- General Motors (GM) announced Friday that it would invest $300 million to build an all electric vehicle (EV) at its plant in Orion Township, MI. The vehicle had been slated to be built outside the United States; the decision to move production to Michigan is expected to add 400 jobs.
- GM did not release any details about the vehicle, but said it would be based off the architecture for its Bolt EV.
- The company said its decision to move manufacturing to the Orion Township plant was based in part on the trade deal between the U.S., Canada and Mexico. It also comes amid national criticism for GM’s decision to end operations at several of its North American plants, including one in Lordstown, OH.
GM has staked its future on electric cars, with the stunning announcement in November that it would cut 15% of its workforce and discontinue five models as it prioritized fully electric and autonomous vehicles (AVs). That included ending the Chevy Volt, the company’s first electric-hybrid vehicle.
The potential plant closures and job losses have drawn criticism from politicians on both sides of the aisle, with President Donald Trump attacking the decision at an event in Ohio. The announcement that GM would bring some of its electric manufacturing jobs back to the U.S. should take some of the sting out of the restructuring. The Orion Township plant was idled in 2009, but was reopened a year later and now produces the Bolt, among other models.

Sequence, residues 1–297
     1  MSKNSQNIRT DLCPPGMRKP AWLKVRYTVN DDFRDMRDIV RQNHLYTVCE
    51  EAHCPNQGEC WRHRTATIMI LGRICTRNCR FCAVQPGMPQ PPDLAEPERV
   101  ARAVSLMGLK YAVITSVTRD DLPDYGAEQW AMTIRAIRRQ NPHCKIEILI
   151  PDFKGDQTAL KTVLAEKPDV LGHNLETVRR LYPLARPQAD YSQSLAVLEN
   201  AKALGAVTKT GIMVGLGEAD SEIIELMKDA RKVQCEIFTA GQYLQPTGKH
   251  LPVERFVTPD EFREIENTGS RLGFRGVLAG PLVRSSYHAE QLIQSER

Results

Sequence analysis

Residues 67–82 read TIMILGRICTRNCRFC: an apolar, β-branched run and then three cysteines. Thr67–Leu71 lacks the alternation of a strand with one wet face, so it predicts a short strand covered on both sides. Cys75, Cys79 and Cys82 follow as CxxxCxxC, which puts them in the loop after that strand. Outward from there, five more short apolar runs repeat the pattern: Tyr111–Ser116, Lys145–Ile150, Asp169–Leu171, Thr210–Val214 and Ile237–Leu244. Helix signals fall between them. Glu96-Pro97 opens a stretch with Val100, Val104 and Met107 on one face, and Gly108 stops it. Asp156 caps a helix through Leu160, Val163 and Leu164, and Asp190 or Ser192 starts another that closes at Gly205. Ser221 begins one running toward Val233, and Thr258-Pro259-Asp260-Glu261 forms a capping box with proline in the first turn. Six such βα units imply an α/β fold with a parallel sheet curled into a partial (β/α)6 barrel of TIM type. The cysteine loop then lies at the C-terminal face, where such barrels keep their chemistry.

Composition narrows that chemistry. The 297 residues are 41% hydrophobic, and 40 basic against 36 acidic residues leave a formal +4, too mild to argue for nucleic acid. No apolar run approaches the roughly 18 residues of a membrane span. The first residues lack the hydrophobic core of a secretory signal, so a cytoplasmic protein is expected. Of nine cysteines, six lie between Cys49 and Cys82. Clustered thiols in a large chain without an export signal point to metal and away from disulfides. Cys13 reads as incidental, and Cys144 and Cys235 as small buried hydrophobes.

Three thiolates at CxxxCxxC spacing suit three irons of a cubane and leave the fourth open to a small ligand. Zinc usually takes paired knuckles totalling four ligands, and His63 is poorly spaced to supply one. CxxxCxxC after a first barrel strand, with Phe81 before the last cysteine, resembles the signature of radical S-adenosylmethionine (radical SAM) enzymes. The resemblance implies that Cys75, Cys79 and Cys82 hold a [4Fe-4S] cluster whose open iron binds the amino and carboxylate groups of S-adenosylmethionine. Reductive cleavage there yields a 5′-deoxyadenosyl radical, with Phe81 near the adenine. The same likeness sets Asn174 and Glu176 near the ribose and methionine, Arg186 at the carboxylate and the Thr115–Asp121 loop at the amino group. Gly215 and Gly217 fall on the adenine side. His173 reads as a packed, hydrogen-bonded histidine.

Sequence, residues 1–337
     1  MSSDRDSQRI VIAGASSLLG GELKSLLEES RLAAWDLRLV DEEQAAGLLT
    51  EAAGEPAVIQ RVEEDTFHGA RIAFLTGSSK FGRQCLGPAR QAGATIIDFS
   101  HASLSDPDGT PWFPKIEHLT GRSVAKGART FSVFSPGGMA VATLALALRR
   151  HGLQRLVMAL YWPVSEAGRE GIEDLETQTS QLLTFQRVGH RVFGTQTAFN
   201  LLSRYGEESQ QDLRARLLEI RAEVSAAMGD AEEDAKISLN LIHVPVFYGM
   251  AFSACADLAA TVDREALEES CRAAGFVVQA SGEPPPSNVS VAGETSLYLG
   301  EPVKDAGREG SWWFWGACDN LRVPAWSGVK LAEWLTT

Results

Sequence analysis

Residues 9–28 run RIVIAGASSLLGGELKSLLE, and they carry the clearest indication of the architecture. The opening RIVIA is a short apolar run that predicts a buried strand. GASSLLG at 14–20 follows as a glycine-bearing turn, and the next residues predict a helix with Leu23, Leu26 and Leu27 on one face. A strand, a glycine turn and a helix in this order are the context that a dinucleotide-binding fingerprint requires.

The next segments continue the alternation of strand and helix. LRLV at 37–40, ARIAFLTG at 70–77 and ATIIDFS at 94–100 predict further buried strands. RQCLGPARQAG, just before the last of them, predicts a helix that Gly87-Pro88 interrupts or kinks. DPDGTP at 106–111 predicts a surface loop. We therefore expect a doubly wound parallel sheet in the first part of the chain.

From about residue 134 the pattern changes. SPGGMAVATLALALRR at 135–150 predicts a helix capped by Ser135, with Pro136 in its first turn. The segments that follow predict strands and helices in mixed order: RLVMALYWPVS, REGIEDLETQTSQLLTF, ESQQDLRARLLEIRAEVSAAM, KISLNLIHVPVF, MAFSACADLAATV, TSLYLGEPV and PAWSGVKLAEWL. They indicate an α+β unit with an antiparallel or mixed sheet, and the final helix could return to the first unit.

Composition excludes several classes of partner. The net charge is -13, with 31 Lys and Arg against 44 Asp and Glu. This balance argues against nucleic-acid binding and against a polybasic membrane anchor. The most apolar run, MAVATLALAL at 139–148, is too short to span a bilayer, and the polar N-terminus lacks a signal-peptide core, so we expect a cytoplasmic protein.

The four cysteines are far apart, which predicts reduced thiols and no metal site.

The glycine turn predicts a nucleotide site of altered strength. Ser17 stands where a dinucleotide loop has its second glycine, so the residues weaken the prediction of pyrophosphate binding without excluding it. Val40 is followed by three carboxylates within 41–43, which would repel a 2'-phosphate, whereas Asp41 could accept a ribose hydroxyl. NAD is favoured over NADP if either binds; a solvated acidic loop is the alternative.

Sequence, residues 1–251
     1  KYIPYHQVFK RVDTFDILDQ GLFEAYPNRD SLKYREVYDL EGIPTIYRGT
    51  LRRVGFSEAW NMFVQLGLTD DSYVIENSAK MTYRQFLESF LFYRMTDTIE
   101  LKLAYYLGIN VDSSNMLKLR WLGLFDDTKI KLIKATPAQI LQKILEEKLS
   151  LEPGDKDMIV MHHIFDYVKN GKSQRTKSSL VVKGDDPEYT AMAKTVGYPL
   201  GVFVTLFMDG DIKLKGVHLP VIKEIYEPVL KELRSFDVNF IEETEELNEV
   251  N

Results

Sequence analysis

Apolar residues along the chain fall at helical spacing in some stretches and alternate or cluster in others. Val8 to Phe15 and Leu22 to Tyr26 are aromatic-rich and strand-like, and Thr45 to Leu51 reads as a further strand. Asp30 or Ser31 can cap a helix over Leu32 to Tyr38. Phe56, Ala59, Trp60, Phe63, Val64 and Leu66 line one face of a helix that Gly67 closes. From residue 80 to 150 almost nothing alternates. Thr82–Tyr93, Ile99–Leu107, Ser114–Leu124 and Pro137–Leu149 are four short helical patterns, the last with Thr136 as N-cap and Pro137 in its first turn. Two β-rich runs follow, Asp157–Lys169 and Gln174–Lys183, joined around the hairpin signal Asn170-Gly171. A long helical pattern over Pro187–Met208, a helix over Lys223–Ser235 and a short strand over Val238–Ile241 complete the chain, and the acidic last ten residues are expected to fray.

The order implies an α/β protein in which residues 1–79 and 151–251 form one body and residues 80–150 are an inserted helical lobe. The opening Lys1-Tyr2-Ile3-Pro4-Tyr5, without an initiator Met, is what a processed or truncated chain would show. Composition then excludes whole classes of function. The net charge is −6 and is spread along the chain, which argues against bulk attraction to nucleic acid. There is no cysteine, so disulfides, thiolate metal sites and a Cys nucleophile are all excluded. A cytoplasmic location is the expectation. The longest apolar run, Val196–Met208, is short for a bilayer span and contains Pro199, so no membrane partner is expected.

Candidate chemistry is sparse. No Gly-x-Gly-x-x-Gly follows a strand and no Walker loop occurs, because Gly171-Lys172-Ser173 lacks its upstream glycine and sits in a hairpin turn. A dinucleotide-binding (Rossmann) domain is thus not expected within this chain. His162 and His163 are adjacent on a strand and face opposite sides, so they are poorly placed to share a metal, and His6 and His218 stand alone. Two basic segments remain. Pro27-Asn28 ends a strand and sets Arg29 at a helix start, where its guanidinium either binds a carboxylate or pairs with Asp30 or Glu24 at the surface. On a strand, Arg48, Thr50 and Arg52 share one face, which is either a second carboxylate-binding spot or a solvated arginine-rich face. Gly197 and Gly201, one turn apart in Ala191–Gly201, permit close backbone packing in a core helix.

As part of its announcement Friday, GM also said it would invest a total of $1.8 billion across U.S. operations, adding 700 new jobs.
Although it’s unclear exactly what the new EV will be, GM has said it would release more than 20 electric models by 2023, and has said it would make Cadillac into an all-electric brand. The loss of the Volt hybrid signals a pivot to fully electric cars that would compete with companies like Tesla. GM has also said it will roll out an autonomous ride-sharing service as early as this year.
Despite the addition of the 400 new jobs, the overall employment uncertainty signals the massive shifts that will face all sectors as autonomous and electric vehicles come online and become more widely-used. A Brookings Institution analysis found that some 9.5 million jobs across several sectors will be affected — though not necessarily lost — amid the digitalization of transportation, especially in manufacturing. Automakers and cities will face significant political pressure as they navigate that changing workforce.